The Ridgefield School District overcame two decades of bond failures and an ongoing recession to pass a $47 million bond issue Tuesday.
The measure received 2,775 “yes” votes, or 64.84 percent, to comfortably clear the required 60-percent “supermajority” threshold for it to pass, according to unofficial Clark County voting results. The measure was opposed by 1,505 voters, or 35.16 percent.
The Ridgefield district’s four schools will receive new classrooms, athletic facilities and traffic flow improvements to address overcrowding, infrastructure and safety problems, officials said.
Ridgefield residents are currently paying $2.11 per $1,000 of assessed home value for levies and bonds. With the new bond issue, they will pay $3.84 per $1,000, but the district will still have the lowest tax rate among Clark County school districts, officials said. The bond can run up to 20 years.
Tuesday’s passage reversed a negative trend in which Ridgefield voters rejected the last five bonds submitted for building and remodeling needs. Opponents of this particular bond issue had questioned the wisdom of running a bond during an economic downturn.
“This is a great victory for Ridgefield schools and the city of Ridgefield,” Superintendent Art Edgerly said, stepping away from the celebration inside Metro Wine Bar & Bistro in Ridgefield. He added, “We kept the project focused on the needs and priorities … and because of that we knew the city of Ridgefield would support this.”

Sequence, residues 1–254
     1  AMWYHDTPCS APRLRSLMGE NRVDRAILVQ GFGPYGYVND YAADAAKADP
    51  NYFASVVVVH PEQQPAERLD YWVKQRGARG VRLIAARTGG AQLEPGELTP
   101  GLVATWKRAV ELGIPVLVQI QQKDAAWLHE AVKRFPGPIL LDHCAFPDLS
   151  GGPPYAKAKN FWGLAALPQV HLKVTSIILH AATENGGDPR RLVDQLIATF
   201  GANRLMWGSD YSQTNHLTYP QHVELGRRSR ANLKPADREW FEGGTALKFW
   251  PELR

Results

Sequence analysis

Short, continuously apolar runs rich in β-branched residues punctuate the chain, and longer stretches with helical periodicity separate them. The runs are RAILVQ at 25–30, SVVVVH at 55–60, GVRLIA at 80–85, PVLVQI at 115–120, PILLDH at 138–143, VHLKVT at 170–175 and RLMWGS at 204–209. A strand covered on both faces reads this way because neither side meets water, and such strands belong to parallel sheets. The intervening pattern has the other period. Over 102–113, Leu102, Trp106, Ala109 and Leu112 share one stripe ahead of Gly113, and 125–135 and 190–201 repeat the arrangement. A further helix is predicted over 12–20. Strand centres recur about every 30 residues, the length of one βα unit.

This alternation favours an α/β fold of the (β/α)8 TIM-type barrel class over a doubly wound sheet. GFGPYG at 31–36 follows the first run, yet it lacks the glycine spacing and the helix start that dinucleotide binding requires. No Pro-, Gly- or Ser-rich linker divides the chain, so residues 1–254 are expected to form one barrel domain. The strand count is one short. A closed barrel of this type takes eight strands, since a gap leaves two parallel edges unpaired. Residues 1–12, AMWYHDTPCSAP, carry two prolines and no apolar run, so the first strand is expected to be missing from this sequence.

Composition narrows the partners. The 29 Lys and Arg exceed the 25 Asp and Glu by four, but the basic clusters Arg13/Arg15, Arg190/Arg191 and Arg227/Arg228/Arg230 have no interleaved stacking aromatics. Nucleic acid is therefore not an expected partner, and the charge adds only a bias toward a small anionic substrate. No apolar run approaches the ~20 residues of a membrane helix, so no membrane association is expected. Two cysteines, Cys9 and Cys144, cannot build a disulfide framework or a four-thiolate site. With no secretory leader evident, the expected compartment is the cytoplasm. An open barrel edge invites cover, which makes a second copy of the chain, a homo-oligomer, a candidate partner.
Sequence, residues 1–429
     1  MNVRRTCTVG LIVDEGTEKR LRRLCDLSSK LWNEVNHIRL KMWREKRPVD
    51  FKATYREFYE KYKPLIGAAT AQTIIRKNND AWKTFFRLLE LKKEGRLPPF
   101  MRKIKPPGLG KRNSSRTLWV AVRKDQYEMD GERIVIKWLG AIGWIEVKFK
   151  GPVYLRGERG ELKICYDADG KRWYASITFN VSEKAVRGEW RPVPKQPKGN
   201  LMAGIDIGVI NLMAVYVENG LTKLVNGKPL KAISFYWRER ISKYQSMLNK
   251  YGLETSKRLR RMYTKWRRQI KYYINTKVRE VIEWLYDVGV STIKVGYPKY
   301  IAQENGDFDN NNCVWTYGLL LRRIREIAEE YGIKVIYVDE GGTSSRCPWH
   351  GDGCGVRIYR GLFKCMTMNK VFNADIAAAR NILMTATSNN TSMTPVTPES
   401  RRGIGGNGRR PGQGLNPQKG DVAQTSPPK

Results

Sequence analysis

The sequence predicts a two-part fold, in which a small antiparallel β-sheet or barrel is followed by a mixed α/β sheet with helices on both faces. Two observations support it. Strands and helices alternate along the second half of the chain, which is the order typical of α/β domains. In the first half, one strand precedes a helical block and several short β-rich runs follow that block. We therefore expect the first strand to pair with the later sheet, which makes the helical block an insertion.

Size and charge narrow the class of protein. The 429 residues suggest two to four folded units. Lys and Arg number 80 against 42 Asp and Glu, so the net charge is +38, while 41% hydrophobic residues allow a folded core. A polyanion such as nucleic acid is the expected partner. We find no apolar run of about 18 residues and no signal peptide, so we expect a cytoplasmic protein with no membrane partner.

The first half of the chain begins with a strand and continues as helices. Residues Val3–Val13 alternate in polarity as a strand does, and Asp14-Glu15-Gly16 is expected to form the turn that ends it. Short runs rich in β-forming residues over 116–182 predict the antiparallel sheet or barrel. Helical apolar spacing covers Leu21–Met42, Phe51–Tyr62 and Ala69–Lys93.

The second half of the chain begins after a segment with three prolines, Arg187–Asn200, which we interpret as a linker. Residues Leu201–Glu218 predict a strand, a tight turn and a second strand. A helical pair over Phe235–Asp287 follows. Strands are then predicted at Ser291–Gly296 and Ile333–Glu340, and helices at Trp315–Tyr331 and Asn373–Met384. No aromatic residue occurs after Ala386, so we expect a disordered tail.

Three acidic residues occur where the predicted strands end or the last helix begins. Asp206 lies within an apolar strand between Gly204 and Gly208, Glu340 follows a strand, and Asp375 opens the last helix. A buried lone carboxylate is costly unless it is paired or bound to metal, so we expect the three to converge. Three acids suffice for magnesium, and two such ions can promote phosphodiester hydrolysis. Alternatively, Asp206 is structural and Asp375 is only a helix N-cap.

Prior to Tuesday, Ridgefield voters had passed just two bonds since 1991, according to district officials.
Bond proponents entered Tuesday optimistic this bond would not suffer the same fate as the district’s last attempt -- an $85 million proposal in 2008 that received 54 percent approval. That proposal, which focused on building a new high school, was viewed as too extravagant by some residents.
The bond issue on Tuesday’s ballot involved less money, benefitted each school and resulted from better communication with residents, officials said.
The Ridgefield School Board approved a bond measure resolution Nov. 22, giving proponents two months to lobby for its approval.
School representatives knocked on doors this winter asking residents for support. District officials also held symposiums to educate parents and take their comments. A better-formulated proposal resulted from those efforts, Edgerly noted.
“The reason the case was so compelling was because schools have been neglected for so long,” said Randy Mueller, chairman of Citizens for Ridgefield Schools. “We should have done this before.”
The community “turned a corner” Tuesday with its support of the bond, Mueller added.
The school bond will add a total of 24 new classrooms at the district’s four schools -- South Ridge Elementary, Union Ridge Elementary, View Ridge Middle and Ridgefield High. New gyms, added cafeteria space and new or renovated play areas for students will also be paid for.
Bond money would also address gridlock concerns for buses and parents’ vehicles caused by a lack of space at Ridgefield’s elementary schools, officials said.